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danalinscott

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Reply with quote  #21 

Quote:
Originally Posted by crdpoker

I was wondering what size orifice you recommend.

As small as is practical.
1/64th is usually sufficient but it it tricky drilling through thick metal with such a small diameter drill bit. If you have thick metal to drill though for this I suggest drilling a 1/8" pilot most of the way through and only drilling the last 1/6" with a 1/64" bit.

Quote:
I assume you would install it immediately after the IP return, in an inline T, at a high point in the system, with the one side of the T pointing upwards with the orifice mounted in at the high point. This would allow any air in the system to bleed out, and it looks like the amount of oil that would pass through the orifice would be minimal (if any, depending on the size of the orifice). Is the amount of oil that would pass through really worth plumbing a return to tank line under the truck, or could it just flow into a small under-hood container that I could empty occasionally back into my WVO tank?


Either option should work OK.





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crazycronshey

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Reply with quote  #22 

If I am understanding correctly, the pressure in the system prevents air from entering the partial return,  then wouldn't it keep it from entering a leak. And wouldn't that leak as mentioned above present itself while engine is running? thnx.

danalinscott

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Reply with quote  #23 
Quote:
Originally Posted by crazycronshey

If I am understanding correctly, the pressure in the system prevents air from entering the partial return,  then wouldn't it keep it from entering a leak. And wouldn't that leak as mentioned above present itself while engine is running? thnx.

Fuel systems (or sections of fuel systems) which are under positive pressure would tend to leak fuel outward. This is not true of fuel systems (or sections of fuel systems) which are under negative pressure (vacuum).

Air leaks into a fuel system are particularly vexing since they may only occur intermittently. This is because the leak may not occur until the leak point reaches a certain temperature (in heated line), the VO fuel is particularly thick due to low ambient temperature, or vacuum rises due to a partially clogged filter...or a combination of the above. 

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DoubleNickel

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Reply with quote  #24 
Hi:  I have a question.  Is there any pressure in the return line to the fuel tank where it has to escape through the vent in the fuel cap.  I have been posting here about my diesel engine backhoe.

http://www.heavyequipmentforums.com/Forum/showthread.php?t=12481


If someone could read my posts and get to understand my problem, I would appreciate it.  I think I have it resolved but not for sure.

Any input would be appreciated.

Sincerely,

DoubleNickel
danalinscott

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Reply with quote  #25 
Short answer.
No.

If you have problems with a VO conversion I suggest posting them with as much detail as possible in the Huston, I have a problem section.

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food_yum

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Reply with quote  #26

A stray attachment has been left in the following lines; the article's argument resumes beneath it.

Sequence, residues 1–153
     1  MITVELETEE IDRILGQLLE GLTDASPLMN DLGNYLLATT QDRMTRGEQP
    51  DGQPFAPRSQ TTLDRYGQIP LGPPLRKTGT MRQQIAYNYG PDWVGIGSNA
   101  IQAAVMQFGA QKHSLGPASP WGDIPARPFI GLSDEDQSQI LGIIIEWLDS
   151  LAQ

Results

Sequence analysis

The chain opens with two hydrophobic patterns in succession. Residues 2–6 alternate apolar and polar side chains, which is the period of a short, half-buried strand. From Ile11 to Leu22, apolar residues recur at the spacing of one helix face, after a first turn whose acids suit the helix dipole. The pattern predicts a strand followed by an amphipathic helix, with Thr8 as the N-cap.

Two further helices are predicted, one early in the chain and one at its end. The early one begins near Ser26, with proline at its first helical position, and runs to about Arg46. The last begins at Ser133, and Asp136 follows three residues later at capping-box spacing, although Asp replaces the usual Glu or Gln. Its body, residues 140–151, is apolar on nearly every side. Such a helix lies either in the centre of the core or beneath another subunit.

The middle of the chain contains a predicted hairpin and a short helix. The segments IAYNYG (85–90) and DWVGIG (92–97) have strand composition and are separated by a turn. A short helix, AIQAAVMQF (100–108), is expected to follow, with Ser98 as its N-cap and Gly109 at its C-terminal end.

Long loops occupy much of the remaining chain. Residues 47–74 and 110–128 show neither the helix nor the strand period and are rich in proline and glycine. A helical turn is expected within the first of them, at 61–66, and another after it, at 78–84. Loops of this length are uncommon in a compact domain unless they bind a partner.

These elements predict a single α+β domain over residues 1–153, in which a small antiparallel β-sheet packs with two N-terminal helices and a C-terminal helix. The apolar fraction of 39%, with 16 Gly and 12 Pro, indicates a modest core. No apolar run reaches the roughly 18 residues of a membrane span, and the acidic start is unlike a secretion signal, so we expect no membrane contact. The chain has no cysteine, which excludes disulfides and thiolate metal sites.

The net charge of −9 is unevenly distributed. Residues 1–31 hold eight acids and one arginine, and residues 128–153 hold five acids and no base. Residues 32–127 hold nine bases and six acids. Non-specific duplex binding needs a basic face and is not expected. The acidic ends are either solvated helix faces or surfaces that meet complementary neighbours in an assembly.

Could someone post either a link to one of those needle valves or post a photo of one?  The only one I can find either in local shops or at Home Depot is this:
http://www.homedepot.ca/webapp/wcs/stores/servlet/SearchView?catalogId=10051&storeId=10051&langId=-15&N=0&Ntt=needle+valve&Nty=1&D=needle+valve&Ntx=mode+matchallpartial&Dx=mode+matchallpartial&s=true
(geez, that's a big URL!  Sorry about that.  And I see the U.S. branch doesn't have it on the web, just the Canadian stores; I wonder why?)
I've never used these things, but the salesman figures that model would just collapse the fuel line I'm "T"ing into, as it is actually made for rigid copper pipe.  Am I to use this on a hard fitting, or on a hose?  I'm sure there is some clever work-around that is so obvious I'm missing it, but to cut down on all the time I'm spending already, I thought I'd see what those with experience have used.
Any photos of real-world applications would be great!  (Or just clarify how to use this one needle valve I HAVE located.)\

Another idea I had was to use a universal radiator drain cock, which I could open just a tiny bit, set in place with some silicone or other sealant, and attach a 5/16 hose onto the other end, running back to veg tank.  The one I've spotted fits a 5/16 nicely on the drain side, although it isn't truly barbed.  (Thus another potential screw-up spot; but I figure it won't be under much pressure there, so shouldn't be an issue.)

Thanks gang
marc

danalinscott

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Reply with quote  #27 

The type of needle valve you want for a limited return is a "pass through" rather than a bleed type.

Here's a pic and a cutaway schematic of one.



Just add a short section of tube on each side and adding this after a tee to the loop circuit you can limit the amount of wvo returned to the tank.  If you add the valve at the top of a downward section of the return loop you can capture any air bubbles that would otherwise circulate in the loop and send them to the tank.

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ytk

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Reply with quote  #28 
Does this look like a good simple needle valve already with the barbed fittings? 
http://www.ebay.com/itm/NEW-GAS-AIR-LPG-3-way-hose-Connector-BRASS-needle-valve-/261271397001?pt=UK_Campervan_Caravan_Accessories&hash=item3cd4fd2289
danalinscott

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Reply with quote  #29 
It might work if mounted properly. I can't say for sure as I havent used a pass through type needle valve for this.